Credit must be given to SAP for charting a new course. A shift in the management philosophy and product direction will take years to realize, however, its not too late for change. SAP must remember its roots and become more German and less American. The renewed focus must put customer requests and priorities ahead of SAP’s bureaucracy. The emphasis must focus on the relationship. When that reemerges in how SAP works with customers, partners, influencers, and its own employees, SAP will be back in good graces. In the meantime, its time to get to work and deliver. Oracle’s Fusions Apps are coming soon and competitors such as IBM, Microsoft, Epicor, IFS, and SalesForce.com will not relent.
I recall the 1980s, when SAP’s main differentiator, at least in the English-speaking US, was a total commitment to customer success, and when it could be taken for granted that SAP would do business ethically. Things change, and not always for the better.
Anyhow, the reason I’m highlighting Ray’s post is that he makes reference to a number of interesting SAP-cetric technology trends or initiatives. Read more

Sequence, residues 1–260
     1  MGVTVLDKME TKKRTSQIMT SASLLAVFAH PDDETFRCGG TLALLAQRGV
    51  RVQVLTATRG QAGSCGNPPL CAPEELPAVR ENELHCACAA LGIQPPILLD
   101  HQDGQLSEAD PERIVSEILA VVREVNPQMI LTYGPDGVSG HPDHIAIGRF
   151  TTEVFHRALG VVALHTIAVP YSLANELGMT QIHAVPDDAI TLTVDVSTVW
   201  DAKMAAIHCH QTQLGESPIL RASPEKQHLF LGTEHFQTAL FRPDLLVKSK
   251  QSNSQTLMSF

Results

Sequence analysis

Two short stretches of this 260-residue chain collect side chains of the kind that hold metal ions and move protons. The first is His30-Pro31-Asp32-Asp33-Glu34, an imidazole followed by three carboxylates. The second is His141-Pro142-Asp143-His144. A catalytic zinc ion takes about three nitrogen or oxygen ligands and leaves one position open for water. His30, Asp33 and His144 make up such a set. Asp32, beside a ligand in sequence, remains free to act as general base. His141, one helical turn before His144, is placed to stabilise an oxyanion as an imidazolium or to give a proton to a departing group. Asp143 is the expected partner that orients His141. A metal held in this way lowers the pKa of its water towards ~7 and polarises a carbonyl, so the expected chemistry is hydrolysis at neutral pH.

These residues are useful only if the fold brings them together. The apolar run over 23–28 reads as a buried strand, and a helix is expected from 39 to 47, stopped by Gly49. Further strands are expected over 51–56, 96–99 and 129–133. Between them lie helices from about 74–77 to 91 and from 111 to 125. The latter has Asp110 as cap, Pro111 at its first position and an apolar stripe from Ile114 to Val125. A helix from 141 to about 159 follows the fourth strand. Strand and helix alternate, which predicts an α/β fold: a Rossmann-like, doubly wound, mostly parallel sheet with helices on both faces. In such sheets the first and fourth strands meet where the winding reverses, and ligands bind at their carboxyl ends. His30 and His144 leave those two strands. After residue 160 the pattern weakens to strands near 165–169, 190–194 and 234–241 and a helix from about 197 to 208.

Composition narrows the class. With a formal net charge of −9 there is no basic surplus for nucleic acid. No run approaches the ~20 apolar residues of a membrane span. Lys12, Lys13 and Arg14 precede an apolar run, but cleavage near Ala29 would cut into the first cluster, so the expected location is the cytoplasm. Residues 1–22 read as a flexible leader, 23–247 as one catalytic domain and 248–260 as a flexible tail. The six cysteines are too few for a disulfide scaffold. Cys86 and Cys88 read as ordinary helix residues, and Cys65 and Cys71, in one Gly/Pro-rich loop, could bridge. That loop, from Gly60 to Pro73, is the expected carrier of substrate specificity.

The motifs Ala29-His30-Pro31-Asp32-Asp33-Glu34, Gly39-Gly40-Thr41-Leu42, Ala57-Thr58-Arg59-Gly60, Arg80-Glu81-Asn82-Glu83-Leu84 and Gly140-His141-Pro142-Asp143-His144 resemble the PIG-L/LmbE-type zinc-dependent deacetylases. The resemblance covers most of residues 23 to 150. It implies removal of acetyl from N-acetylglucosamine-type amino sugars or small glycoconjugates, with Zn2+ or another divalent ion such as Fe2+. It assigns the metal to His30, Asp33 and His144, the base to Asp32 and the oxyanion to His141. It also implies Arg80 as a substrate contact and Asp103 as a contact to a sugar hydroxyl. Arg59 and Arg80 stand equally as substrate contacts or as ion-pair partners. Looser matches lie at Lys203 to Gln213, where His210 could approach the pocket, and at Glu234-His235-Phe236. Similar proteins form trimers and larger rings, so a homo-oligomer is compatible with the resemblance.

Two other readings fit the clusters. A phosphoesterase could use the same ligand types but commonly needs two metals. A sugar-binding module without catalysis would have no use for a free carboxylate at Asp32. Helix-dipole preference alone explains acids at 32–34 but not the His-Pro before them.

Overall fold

|Categories: Analytic technologies, Business intelligence, Memory-centric data management, MOLAP, SAP AG, Solid-state memory||1 Comment|
An enterprise user wrote in with a question that boils down to:
What are reasonable MDX performance expectations?
MDX doesn’t come up in my life very much, and I don’t have much intuition about it. E.g., I don’t know whether one can slap an MDX-to-SQL converter on top of a fast analytic RDBMS and go to town. What’s more, I’m heading off on vacation and don’t feel like researching the matter myself in the immediate future.
So here’s the long form of the question. Any thoughts?
I have a general question on assessing the performance of an OLAP technology using a set of MDX queries. I would be interested to know if there are any benchmark MDX performance tests/results comparing different OLAP technologies (which may be based on different underlying DBMS’s if appropriate) on similar hardware setup, or even comparisons of complete appliance solutions. More generally, I want to determine what performance limits I could reasonably expect on what I think are fairly standard servers.